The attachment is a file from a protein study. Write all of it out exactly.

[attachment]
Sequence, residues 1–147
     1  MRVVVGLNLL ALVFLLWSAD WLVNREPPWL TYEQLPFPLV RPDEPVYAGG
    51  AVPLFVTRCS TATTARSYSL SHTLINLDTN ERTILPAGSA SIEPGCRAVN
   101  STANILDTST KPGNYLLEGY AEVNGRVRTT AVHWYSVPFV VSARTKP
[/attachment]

Sequence, residues 1–147
     1  MRVVVGLNLL ALVFLLWSAD WLVNREPPWL TYEQLPFPLV RPDEPVYAGG
    51  AVPLFVTRCS TATTARSYSL SHTLINLDTN ERTILPAGSA SIEPGCRAVN
   101  STANILDTST KPGNYLLEGY AEVNGRVRTT AVHWYSVPFV VSARTKP